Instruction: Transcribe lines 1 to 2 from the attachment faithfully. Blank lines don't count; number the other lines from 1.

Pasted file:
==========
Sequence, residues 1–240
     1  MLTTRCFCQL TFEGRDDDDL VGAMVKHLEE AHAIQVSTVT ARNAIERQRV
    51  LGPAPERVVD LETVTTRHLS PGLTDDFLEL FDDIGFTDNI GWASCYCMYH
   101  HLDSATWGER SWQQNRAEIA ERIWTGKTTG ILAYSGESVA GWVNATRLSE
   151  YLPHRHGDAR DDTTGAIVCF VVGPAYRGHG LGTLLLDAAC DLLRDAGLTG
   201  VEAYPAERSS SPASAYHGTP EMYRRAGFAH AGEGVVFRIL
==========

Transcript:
Sequence, residues 1–240
     1  MLTTRCFCQL TFEGRDDDDL VGAMVKHLEE AHAIQVSTVT ARNAIERQRV